Football is big business in America and so is religion so blending the two is as natural as sap on a tree but is there constitutional trouble ahead for public institutions that require prayer from their football players? Today’s New York Times addresses this matter:

As in politics and culture in the United States, college football is increasingly becoming a more visible home for the Gospel. In the past year more than 2,000 college football coaches participated in events sponsored by the Fellowship of Christian Athletes, which said that more than 1.4 million athletes and coaches from youth to professional levels had attended in 2005, up from 500,000 in 1990.

Voluntary prayer in a non-sponsored manner by the public institution’s
football program is fine, but when students are required to participate
in a religious ceremony problems of separation of church and state
naturally arise:

“This is a lawsuit waiting to happen, and I believe
university administrations are playing a game of chicken,” the Rev.
Barry W. Lynn, a lawyer and executive director of Americans United for
Separation of Church and State, said. “But eventually, you got to
believe that one kid is going to say, ‘I’ve had enough,’ and step

Peer pressure and pleasing the coach has a chilling effect on
non-religious players: Pray Or You Don’t Play is the silent, but not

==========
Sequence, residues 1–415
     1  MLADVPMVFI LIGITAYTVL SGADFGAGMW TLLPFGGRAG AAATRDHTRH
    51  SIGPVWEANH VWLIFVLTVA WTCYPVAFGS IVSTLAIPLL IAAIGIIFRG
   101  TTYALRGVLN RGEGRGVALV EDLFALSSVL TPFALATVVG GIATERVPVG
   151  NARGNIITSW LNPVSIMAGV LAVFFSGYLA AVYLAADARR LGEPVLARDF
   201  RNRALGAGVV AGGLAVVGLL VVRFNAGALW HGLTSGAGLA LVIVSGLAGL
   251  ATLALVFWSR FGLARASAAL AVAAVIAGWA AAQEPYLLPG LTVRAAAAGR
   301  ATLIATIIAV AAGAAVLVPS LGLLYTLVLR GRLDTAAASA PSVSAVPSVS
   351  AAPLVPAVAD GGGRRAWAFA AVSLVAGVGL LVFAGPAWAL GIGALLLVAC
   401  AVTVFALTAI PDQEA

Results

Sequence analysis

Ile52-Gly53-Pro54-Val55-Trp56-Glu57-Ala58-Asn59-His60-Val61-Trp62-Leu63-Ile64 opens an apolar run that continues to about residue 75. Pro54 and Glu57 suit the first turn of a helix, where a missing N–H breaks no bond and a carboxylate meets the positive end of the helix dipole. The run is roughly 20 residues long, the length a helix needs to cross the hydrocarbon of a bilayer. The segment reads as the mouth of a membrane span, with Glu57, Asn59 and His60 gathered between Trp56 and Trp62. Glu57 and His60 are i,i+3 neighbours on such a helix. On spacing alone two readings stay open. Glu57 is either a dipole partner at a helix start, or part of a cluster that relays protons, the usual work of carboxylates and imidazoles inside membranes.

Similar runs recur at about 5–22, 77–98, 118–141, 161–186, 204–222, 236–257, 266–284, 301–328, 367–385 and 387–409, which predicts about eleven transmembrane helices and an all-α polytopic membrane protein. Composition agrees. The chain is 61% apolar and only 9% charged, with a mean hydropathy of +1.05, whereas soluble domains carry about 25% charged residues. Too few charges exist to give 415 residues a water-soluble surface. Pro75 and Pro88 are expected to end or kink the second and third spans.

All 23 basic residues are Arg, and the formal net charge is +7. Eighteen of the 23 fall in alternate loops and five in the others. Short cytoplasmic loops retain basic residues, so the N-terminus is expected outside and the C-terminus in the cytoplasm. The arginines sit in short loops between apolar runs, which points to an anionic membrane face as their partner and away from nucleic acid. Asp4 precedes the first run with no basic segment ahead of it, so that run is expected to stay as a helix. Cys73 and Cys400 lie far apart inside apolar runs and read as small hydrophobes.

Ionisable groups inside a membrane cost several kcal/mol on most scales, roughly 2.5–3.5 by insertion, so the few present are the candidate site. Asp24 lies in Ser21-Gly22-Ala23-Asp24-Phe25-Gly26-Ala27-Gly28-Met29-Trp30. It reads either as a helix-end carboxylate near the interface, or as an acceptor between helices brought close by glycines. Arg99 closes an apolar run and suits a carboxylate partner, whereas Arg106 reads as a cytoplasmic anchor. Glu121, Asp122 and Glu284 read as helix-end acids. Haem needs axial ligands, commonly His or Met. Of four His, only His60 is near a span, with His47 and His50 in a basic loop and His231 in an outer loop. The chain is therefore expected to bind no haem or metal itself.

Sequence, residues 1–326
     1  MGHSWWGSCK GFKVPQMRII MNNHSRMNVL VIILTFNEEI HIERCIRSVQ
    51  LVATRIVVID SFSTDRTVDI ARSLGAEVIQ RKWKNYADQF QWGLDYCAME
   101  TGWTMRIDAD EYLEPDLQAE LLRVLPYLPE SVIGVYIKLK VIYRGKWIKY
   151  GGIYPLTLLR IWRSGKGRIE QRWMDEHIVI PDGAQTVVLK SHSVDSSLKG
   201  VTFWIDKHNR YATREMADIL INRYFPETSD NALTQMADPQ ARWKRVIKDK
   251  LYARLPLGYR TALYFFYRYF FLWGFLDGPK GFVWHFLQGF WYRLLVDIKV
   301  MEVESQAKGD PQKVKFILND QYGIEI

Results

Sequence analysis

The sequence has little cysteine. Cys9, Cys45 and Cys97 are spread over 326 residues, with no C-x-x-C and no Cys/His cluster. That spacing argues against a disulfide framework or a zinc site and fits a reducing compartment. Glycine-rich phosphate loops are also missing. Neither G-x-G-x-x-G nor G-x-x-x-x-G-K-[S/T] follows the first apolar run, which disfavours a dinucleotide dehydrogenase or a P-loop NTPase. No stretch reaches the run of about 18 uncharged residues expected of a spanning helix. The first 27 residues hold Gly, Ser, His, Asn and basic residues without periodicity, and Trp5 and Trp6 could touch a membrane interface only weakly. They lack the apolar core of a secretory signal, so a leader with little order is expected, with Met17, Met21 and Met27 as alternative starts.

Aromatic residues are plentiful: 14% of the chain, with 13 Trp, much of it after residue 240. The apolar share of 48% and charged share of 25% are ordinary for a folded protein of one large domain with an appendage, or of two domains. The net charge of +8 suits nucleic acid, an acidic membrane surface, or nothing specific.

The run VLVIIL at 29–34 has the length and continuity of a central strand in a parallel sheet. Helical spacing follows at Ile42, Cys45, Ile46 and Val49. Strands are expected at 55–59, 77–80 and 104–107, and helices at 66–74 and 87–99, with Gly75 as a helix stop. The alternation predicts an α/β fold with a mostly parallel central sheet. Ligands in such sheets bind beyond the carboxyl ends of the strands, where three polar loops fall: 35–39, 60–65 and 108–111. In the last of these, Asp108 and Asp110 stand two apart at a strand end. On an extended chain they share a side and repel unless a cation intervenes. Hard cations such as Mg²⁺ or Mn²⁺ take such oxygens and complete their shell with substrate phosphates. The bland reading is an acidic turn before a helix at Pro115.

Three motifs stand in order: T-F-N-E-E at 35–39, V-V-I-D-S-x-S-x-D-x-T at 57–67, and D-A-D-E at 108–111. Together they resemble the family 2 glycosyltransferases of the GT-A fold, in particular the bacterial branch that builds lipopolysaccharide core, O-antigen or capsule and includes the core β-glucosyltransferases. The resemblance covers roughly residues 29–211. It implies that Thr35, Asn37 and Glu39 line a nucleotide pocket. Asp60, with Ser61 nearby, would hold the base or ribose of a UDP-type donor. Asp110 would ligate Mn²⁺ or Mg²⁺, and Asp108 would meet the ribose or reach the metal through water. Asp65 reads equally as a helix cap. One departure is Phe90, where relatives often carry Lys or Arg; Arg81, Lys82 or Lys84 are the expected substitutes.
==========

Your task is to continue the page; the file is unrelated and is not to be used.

always unspoken, threat in the lockeroom.

The United States Supreme
Court in 2000 came down solidly on the side of separation by deciding
officially sponsored prayers over a loudspeaker in Santa Fe, Texas
before games was not enough separation:

The 6-to-3 majority opinion by Justice John Paul Stevens said that even
when attendance is voluntary and when the decision to pray is made by
students, “the delivery of a pregame prayer has the improper effect of
coercing those present to participate in an act of religious worship,”
which violates the establishment clause of the First Amendment.

When students and coaches and fans use religion to elevate their
demolition of the opposing side in the name of God — “God wanted us to
win” or “God was with us” or “God blessed our team today” — one is
selfishly demonizing the losing team by accusing them in their defeat
of not being in God’s good graces. If one claims victory in God’s name
then one must claim defeat in God’s name as well.


  1. Tom Osborne was big on God. Still is. Don’t think he forces it but he doesn’t hide it, either.

  2. I agree there was too much God talk from Osborne and some of his staff in his role as head football coach at UNL — if God is truly in you save it for the appropriate time and place and keep it out of the locker room.

  3. I think that’s probably the best way. These are young kids. Even if you ask if they’re uncomfortable they will give you the answer they think they want to hear because they want to play and fit in. It takes years to not care if you give the right answer or not.

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